Long before there was a United States, the Americas were populated by tens of millions of people with rich societies and cultures. The fate of these nations after the arrival of European settlers makes for a complex tale worthy of much more than a single email.

Instead, in recognition of Native American Heritage Month, we're highlighting some of the surprising ways that you can spot Native American influence within the narrative of history.

So Many Names

From Wisconsin to Wyoming, Alabama to Arizona, the names of no less than 21 U.S. states are derived from indigenous words. Similarly, many important battles in American history take their names from places with a Native American origin:Saratoga (“hillside country of the quiet river”) Ticonderoga (“land between the waters”), Oriskany (“nettles”), Waxhaws (“people of the cane”), Tippicanoe (“buffalo-fish place”) Chickamauga (possibly “river of death” OR “dwelling place of chiefs”), Antietam (“swift-flowing stream”) and many more. Then there are the names of modern military equipment, from the Tomahawk missile to the Apache, Black Hawk and Chinook helicopters.

French and/or Indian Wars

Native Americans have served in the military since before the country was officially founded. Through the 1760s, tribes fought alongside British colonists in four different conflicts that could accurately be termed “French and Indian Wars,” in that the forces they were opposing consisted of both of those groups. In the past, Americans tended to view these as discreet conflicts fought in the Western Hemisphere, but each can also be seen as a theater for a broader European or worldwide conflict: King William's War within the Nine Years' War (1688-97), Queen Anne's War within the War of the Spanish Succession (1702-13), King George's War within the War of the Austrian Succession (1744-48) and the French and Indian War within the Seven Years' War (1754-63). For some tribes, allegiances were fluid, but generally speaking the Iroquois, Catawba, and Cherokee fought with the English and the Algonquin, Lenape, Ojibwa, Ottawa and Shawnee sided with the French

The Food They Ate

There are good reasons why we associate Thanksgiving with Native Americans – but their influence on worldwide cuisine goes way beyond that one-day celebration. In fact, scholars estimate that 60% of the world's food supply originated in the Americas. To name a few: corn, potatoes, peanuts, chocolate, 14 varieties of beans, wild rice, turkey, squash, cranberries, and sunflower seeds.And since armies march on their stomachs, foodstuffs like cornmeal were the hallmarks of soldier rations in the 19th century. Other native crops, like the tomatoes that both sides turned into condiments helped relieve the monotony of flavor.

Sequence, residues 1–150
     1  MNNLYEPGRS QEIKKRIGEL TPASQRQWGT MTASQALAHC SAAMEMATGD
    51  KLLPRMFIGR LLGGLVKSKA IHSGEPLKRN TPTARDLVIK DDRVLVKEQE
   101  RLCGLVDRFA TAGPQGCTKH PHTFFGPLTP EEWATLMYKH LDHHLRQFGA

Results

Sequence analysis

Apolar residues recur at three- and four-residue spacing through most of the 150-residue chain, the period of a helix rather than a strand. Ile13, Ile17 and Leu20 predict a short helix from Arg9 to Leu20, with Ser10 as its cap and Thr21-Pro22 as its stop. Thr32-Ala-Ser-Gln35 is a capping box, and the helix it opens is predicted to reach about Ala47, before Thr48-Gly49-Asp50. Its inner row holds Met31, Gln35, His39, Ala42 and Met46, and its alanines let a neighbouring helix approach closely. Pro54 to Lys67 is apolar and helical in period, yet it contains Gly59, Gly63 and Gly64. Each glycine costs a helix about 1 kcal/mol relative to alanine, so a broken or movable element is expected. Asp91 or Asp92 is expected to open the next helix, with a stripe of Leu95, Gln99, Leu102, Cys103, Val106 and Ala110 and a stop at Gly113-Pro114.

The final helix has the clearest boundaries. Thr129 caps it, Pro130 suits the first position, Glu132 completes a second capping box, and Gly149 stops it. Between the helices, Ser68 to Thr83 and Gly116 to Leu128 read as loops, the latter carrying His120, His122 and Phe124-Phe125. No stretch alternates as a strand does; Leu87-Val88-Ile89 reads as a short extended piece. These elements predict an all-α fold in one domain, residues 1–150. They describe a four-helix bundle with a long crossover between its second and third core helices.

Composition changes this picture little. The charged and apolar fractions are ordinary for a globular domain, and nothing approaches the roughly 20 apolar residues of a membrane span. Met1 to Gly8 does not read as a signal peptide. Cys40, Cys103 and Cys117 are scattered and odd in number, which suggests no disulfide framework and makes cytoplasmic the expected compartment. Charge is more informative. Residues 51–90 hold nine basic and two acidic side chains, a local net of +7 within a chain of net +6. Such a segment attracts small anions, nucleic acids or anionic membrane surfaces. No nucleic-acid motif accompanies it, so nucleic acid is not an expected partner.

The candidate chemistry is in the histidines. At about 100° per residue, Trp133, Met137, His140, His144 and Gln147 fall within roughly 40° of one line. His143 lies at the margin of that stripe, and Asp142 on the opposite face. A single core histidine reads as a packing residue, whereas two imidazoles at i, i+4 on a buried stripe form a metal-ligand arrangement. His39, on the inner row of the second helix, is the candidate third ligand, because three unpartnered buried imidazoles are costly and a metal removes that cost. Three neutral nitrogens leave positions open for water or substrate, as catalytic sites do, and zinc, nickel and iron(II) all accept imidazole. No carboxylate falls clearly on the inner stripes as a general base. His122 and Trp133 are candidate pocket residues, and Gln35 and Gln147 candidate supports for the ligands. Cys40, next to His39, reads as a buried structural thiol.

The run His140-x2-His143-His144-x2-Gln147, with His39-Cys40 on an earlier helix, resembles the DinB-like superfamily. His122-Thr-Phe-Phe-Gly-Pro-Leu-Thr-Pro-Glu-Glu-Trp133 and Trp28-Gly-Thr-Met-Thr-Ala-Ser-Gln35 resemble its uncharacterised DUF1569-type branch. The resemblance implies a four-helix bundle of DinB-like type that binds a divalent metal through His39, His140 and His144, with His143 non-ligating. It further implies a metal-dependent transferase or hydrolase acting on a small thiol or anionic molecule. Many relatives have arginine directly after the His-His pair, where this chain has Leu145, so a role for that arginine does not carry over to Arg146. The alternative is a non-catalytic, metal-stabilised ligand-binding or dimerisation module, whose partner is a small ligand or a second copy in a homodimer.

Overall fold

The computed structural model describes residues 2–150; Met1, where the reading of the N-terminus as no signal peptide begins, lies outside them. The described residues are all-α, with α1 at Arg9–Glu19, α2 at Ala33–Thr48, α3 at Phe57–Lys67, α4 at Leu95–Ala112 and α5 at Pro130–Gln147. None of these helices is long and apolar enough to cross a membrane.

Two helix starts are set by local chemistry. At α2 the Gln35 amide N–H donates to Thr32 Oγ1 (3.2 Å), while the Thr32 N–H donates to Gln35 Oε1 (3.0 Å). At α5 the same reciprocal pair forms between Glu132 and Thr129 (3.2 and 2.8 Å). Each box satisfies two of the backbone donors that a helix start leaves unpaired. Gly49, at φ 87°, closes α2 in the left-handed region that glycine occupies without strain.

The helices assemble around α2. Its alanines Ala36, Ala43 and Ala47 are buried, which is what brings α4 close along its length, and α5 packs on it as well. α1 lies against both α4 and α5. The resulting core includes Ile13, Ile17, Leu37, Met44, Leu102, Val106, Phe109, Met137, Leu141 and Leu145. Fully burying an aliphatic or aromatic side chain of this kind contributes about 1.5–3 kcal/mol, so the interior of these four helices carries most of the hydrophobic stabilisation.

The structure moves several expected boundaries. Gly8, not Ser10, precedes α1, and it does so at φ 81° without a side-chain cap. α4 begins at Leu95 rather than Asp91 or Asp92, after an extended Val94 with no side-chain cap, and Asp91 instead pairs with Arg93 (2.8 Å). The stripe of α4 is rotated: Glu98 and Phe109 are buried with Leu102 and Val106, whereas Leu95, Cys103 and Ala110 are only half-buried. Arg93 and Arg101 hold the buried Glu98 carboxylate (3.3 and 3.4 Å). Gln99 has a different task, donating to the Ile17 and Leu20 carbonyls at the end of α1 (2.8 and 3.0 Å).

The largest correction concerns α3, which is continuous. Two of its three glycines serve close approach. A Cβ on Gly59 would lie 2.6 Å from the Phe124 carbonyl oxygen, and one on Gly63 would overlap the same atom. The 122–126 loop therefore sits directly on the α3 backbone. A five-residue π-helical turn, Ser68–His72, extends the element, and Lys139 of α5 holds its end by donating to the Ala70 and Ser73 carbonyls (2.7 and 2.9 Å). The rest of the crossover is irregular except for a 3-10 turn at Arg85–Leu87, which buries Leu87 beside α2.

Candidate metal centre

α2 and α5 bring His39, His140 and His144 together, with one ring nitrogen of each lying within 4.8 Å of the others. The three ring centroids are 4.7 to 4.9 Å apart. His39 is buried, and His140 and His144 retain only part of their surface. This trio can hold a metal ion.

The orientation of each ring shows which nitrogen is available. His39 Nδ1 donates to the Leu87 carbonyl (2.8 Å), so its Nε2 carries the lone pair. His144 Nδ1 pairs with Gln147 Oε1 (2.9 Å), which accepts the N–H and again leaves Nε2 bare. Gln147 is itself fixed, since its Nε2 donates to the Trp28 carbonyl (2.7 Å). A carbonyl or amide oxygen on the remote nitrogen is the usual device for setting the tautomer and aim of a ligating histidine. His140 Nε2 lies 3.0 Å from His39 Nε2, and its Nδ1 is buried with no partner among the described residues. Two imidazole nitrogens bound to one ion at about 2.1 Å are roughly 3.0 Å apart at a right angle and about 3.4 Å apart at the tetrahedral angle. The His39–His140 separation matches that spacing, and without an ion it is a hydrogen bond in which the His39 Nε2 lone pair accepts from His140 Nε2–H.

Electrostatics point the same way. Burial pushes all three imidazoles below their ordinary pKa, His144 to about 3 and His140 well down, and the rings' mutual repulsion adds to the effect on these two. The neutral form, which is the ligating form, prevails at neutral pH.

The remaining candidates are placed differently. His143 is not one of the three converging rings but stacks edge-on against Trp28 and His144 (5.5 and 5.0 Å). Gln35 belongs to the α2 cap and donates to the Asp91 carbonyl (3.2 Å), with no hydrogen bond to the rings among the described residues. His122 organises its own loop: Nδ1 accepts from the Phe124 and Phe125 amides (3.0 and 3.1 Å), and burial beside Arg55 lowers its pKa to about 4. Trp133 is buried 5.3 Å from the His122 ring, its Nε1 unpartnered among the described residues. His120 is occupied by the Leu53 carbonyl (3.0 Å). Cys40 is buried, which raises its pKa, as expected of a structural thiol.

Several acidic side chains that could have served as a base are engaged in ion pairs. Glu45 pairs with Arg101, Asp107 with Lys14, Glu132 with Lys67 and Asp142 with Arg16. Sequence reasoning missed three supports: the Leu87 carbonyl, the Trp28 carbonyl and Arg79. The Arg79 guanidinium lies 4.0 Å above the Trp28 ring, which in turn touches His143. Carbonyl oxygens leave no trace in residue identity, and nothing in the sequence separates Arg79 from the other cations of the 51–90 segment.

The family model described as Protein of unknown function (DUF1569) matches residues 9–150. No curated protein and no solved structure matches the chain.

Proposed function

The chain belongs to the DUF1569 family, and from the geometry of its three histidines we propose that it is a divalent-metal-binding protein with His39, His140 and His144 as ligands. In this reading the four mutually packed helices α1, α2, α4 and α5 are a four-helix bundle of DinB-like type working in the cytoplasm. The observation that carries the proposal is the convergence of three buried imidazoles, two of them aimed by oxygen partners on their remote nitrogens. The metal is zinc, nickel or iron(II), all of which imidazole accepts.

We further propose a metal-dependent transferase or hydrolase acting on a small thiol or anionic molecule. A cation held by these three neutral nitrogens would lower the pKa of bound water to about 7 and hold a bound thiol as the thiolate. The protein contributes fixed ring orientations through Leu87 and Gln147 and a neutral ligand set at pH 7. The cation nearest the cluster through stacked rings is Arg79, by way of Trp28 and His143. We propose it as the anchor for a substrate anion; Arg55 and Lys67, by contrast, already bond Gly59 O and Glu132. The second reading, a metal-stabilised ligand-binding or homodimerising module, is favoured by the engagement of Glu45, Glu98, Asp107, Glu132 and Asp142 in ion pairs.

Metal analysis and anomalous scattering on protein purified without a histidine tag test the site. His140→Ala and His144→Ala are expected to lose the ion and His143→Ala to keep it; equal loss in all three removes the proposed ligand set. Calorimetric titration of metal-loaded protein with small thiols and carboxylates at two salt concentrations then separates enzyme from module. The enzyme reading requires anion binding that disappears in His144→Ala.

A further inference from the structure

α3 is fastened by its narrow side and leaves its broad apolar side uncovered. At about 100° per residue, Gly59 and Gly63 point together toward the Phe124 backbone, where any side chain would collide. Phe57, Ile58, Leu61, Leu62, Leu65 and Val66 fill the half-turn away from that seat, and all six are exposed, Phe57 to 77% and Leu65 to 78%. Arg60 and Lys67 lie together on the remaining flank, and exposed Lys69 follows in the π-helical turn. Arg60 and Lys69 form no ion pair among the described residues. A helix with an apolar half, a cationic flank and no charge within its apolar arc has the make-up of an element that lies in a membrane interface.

Indispensable Warriors

In recent decades, Native Americans have served in the military at the highest rate of any ethnic group relative to their population. These men and women follow in a proud tradition of warriors, including a smaller number whose connection to their native culture helped bring about victory on a worldwide stage. During both of the World Wars, the American military specifically sought out speakers of native languages, notably Choctaw and Navajo, and recruited them to serve as “code talkers.” Until it was declassified in the late 1960s, the code developed by the Navajo code talkers in WWII was the only code never breached by the enemy. Members of 33 tribes who served in this capacity have been recognized with Congressional Gold Medals, although it is believed that only five of the more than 300 code talkers are still alive in late 2019.

Conservation

Let's be clear: Native Americans represent such cultural, political and geographical diversity that it would be impossible to attribute any particular ethic or practice to all tribes and nations. But we can observe that, across a range of landscapes and facing a range of ecological challenges, a number of nations developed philosophies and practices with parallels to modern conservation and sustainability movements. The deep and abiding respect for land and nature implicit in Native American conservation practices should feel familiar to those of us who are passionate about saving hallowed ground.

Over the years, the Trust has preserved land associated with Native American history in many places. You can learn more about those projects here. To learn more about the contributions of Native Americans to the United States, visit the National Museum of the American Indian.